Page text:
Bacterial Conjunctivitis

What is bacterial conjunctivitis?

Bacterial conjunctivitis is an infection of the outer layer of the eye. Bacterial conjunctivitis may occur in all age groups, but occurs more often in children than in adults. Bacterial conjunctivitis is very contagious, so it is important to take care not to spread the infection. The main symptoms include redness of the eye, thick eye discharge, a sensation of burning, itchiness, and pain in the affected eye. The eyelids can be swollen and sticky. Antibiotic treatment is normally necessary to clear the infection and to prevent spreading it to family members or other close contacts. Most people will recover well, though newborns and people with severe infections are at risk of complications from bacterial conjunctivitis.


Bacterial conjunctivitis occurs when the thin outer layer of the eye gets infected. These bacteria are often passed from person to person, but can also spread from an ear infection or throat infection. It is possible, though uncommon, to get bacterial conjunctivitis as the result of an sexually transmitted bacterial infection (STI). Bacterial conjunctivitis can be very infective, and care should be taken not to pass the infection to family members. Children tend to get bacterial conjunctivitis more commonly than adults.


Typical symptoms include redness of the eye, a thick, yellowish-white discharge from the eye, a sensation of burning, itchiness, or pain at the affected eye. Bacterial conjunctivitis often starts in one eye and spreads to infect both eyes. the eyelids may stick together in the morning, and sometimes require gentle washing to remove the crusty discharge which collects overnight. There may also be swelling of the eyelid and lymph nodes around the ear.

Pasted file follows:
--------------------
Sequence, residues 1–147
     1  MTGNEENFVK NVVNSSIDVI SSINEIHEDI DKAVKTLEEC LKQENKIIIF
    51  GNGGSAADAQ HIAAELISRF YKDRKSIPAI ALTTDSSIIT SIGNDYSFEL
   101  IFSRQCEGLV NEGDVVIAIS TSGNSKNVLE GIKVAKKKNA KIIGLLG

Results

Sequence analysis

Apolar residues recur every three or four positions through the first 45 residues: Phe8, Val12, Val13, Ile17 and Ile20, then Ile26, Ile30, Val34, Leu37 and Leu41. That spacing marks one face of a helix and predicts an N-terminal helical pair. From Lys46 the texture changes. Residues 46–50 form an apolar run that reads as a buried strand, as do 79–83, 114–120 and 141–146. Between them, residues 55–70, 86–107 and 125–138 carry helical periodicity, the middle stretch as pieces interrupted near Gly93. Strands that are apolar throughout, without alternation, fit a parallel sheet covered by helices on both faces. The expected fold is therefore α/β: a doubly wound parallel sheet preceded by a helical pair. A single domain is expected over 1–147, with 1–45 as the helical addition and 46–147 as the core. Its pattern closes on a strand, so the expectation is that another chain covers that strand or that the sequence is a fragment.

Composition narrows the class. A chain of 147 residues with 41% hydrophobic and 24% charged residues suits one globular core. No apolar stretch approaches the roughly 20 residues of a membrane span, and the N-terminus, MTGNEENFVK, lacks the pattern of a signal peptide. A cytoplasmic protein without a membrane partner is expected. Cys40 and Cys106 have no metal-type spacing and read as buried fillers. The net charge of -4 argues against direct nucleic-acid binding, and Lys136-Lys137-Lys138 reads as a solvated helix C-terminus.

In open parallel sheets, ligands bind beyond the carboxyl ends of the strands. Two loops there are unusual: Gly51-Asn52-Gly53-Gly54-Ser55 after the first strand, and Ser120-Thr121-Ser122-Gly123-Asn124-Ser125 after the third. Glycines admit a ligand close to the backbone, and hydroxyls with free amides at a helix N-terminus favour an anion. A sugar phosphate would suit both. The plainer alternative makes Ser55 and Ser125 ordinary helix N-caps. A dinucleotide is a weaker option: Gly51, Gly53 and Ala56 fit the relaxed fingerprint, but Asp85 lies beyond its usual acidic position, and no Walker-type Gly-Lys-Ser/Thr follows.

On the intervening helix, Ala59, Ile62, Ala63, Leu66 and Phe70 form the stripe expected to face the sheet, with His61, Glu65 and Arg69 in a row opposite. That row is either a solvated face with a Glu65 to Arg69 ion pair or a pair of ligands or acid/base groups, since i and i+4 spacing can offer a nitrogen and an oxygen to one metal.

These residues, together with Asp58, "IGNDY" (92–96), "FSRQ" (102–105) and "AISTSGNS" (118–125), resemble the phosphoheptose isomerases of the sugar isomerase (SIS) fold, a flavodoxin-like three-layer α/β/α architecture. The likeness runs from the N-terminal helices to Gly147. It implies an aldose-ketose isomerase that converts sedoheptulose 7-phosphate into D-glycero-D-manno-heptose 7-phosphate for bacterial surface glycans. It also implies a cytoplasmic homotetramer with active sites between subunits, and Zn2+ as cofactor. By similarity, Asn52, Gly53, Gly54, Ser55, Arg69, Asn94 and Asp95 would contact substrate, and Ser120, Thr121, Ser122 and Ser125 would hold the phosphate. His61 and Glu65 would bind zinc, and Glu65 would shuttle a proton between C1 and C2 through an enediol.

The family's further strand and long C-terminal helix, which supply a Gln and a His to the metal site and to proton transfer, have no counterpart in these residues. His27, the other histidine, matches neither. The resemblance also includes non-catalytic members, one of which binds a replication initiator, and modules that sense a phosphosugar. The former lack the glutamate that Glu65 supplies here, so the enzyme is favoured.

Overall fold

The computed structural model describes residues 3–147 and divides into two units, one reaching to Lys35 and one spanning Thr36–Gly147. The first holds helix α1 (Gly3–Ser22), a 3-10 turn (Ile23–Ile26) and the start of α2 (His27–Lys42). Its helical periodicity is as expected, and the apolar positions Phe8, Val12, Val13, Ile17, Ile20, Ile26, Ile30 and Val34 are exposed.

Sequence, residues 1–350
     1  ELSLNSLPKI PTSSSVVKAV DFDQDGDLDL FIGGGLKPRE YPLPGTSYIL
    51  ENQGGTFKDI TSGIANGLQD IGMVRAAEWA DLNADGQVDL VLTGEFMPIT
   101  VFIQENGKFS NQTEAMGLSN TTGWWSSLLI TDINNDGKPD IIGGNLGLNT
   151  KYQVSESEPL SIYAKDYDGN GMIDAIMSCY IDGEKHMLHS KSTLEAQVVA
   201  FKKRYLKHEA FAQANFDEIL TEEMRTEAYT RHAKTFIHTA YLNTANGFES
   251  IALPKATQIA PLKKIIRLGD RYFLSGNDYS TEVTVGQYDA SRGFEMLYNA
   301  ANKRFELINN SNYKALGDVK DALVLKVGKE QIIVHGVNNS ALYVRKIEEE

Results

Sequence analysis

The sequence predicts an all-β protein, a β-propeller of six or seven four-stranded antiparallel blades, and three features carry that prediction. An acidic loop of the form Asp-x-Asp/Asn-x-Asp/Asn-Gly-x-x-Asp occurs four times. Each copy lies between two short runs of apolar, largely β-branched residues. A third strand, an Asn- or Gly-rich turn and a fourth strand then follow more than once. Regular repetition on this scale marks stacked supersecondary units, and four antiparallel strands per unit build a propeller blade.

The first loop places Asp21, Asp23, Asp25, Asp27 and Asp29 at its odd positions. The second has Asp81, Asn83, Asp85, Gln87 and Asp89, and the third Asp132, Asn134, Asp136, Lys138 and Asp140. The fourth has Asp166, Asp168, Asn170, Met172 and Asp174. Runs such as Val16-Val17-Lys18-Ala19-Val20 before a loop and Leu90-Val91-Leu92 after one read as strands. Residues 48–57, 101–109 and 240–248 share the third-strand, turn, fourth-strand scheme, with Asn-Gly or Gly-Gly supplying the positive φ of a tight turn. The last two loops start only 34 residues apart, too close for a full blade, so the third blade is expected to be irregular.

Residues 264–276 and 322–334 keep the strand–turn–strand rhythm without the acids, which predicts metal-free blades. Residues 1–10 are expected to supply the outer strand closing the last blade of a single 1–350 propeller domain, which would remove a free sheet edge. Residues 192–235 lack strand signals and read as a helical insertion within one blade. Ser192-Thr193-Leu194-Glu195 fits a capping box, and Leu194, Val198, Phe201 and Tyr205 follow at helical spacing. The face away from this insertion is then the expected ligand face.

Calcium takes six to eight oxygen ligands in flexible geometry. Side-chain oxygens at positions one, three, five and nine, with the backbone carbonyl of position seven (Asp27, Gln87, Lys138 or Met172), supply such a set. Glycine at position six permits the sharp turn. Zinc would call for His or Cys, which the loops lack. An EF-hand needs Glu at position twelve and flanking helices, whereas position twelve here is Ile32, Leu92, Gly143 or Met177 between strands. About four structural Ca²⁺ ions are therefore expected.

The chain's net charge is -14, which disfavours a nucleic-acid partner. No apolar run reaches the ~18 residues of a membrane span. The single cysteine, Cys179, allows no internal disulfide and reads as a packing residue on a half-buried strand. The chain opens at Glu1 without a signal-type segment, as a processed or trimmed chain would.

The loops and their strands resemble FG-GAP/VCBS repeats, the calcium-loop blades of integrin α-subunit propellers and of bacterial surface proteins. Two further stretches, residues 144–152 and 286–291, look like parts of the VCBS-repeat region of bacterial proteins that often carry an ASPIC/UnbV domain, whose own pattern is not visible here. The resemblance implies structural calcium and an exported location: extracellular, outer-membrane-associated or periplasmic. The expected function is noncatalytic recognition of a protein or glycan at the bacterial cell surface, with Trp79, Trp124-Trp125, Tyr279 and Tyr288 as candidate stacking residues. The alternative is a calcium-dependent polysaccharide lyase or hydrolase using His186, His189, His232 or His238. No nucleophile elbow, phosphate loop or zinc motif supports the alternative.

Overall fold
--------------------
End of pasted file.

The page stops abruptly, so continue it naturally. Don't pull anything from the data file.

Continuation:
The diagnosis is based on the appearance of the eye and the presence of other symptoms. Newborns with bacterial conjunctivitis are at risk of complications and may require different treatment, so should always be reviewed by a doctor. For newborns, and in other severe cases, a sample of the pus from the eye will be taken and tested to identify the bacteria causing the infection, so that antibiotics specific for the bacteria can be given.


Although bacterial conjunctivitis may clear up without treatment, antibiotic eye drops are usually prescribed to treat and prevent spreading of the infection. It might be helpful to use non-medicated eye drops to sooth any grittiness and pain in the eye. If a sticky, crusty discharge forms on the eyelashes, this can be gently washed away using warm water.


Avoiding contact with people with bacterial conjunctivitis and maintaining good hygiene, such as regular hand washing, can help to prevent some cases of bacterial conjunctivitis. People with this condition should stay home from day care, school or work until the discharge goes away. People who use contact lenses should not use lenses while they have bacterial conjunctivitis and should use a new set of lenses when the infection goes away.